The conversation around interoperability often starts with building data pipelines between different EHRs – and often ends there too. Yet clinicians and care providers know firsthand that when patients take the time to directly engage with their health beyond their annual medical exam, it often happens outside of the EHR in places like diagnostic labs, insurance systems, or their own Fitbit or Apple Watch.

When people identify themselves to friends, colleagues, loved ones, they very rarely say, I am a patient or I am a user. More often they think I’m a parent I’m a partner I am a human. If healthcare organizations collect information about patients only when they are perceived as patients, care delivery and outcomes will always be inherently limited.

Interoperability is not a technology issue; if it was, healthcare would have solved it by now. Ultimately, this is a boundary issue, with each entity across the continuum of care having its own parameters of technology engagement with doors that open only to a select few partner platforms—or none at all. The four walls of the clinic must be broken down to truly care for people. Value-based care, social determinants of health, and other models and settings for personalized care will be an essential component of building a holistic view of the whole person.

3. Innovation is too often technology first and clinician second

Our industry’s valiant efforts to improve the quality of care and patient experience through digital innovation have inadvertently created an environment where people serve technology—not the other way around. Too often, clinicians are placed in positions where they must compromise the care they provide: input into clinical technology or interaction with patients; prioritize quality of results or quantity of visits; document in the EHR after hours or focus on work-life balance at the risk of missing valuable information.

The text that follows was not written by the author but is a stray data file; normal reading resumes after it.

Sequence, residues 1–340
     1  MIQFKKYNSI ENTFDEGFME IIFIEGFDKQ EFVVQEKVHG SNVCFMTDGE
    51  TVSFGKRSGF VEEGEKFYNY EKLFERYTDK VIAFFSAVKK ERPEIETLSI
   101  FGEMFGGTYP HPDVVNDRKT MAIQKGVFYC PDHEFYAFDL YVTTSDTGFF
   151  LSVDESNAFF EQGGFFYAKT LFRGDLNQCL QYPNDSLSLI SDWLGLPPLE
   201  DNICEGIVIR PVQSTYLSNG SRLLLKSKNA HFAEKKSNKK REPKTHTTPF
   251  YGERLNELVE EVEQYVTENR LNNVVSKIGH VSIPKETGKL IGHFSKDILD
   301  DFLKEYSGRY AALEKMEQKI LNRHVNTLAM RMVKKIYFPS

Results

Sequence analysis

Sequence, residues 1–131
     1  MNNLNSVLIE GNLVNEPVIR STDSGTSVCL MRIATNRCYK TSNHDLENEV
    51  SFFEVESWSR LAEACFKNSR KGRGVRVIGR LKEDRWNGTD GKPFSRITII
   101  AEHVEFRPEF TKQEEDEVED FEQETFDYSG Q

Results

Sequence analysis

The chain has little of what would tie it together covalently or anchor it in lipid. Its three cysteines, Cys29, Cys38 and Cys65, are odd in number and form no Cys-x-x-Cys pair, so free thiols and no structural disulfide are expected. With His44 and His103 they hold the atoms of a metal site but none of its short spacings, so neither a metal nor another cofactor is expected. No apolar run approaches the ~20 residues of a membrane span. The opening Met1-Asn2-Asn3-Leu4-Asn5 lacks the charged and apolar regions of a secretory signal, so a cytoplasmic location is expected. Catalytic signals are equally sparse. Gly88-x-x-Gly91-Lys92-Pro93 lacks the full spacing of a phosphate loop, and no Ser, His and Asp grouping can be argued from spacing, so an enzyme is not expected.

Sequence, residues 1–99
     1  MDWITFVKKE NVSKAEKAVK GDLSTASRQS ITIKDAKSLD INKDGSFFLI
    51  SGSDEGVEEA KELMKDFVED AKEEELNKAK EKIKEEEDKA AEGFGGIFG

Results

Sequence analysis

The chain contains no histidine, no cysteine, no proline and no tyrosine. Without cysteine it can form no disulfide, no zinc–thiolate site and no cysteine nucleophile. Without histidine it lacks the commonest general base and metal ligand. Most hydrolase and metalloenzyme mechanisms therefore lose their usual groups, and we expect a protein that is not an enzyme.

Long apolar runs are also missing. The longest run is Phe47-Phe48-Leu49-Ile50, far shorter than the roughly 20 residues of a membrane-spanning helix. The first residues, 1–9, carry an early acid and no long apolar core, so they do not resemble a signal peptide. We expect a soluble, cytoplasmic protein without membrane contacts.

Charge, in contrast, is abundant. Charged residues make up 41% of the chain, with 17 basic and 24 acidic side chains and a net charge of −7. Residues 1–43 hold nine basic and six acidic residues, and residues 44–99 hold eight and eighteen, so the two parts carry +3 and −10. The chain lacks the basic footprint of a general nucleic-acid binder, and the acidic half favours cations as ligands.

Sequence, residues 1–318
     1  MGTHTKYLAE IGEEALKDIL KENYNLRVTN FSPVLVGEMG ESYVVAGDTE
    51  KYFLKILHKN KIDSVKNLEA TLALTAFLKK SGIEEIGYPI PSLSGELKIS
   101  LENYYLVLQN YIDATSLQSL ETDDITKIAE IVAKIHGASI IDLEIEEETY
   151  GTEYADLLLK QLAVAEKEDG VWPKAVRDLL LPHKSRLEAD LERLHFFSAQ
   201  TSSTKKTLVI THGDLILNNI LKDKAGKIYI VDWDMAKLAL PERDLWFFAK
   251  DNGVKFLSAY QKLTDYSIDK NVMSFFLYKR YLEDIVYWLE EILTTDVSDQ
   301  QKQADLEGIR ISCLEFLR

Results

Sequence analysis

Just as healthcare organizations are collectively beginning to embrace patients as consumers of health outcomes, digital health innovators must begin to view clinicians as consumers of healthcare technology. Clinicians know best what they need, so—as US Surgeon General Vivek Murthy recently pointed out in an tips for burnout in healthcare — health technology companies must design solutions to serve their needs.

A good starting point is enabling clinicians to have smart technology at their disposal, such as workflow creation tools, that can be customized to meet individual clinical needs while being standardized enough to adhere to operational requirements . Additionally, startups and digital innovators need to be aware to prioritize clinician leadership and robust feedback from early adopters to ensure the challenges we face in the industry are fixed from the inside out.

Gone are the days of trying to find silver bullet solutions. Radical collaboration—rather than disruptive innovation—is the key to untangling clinicians from technology and empowering them to deliver care without compromise. By bringing together an army of responsible innovators and connected technologies in the healthcare ecosystem, I believe our collective healthcare industry can finally achieve true interoperability and begin to advance people-first care through meaningful transformation.

Photo: LeoWolfert, Getty Images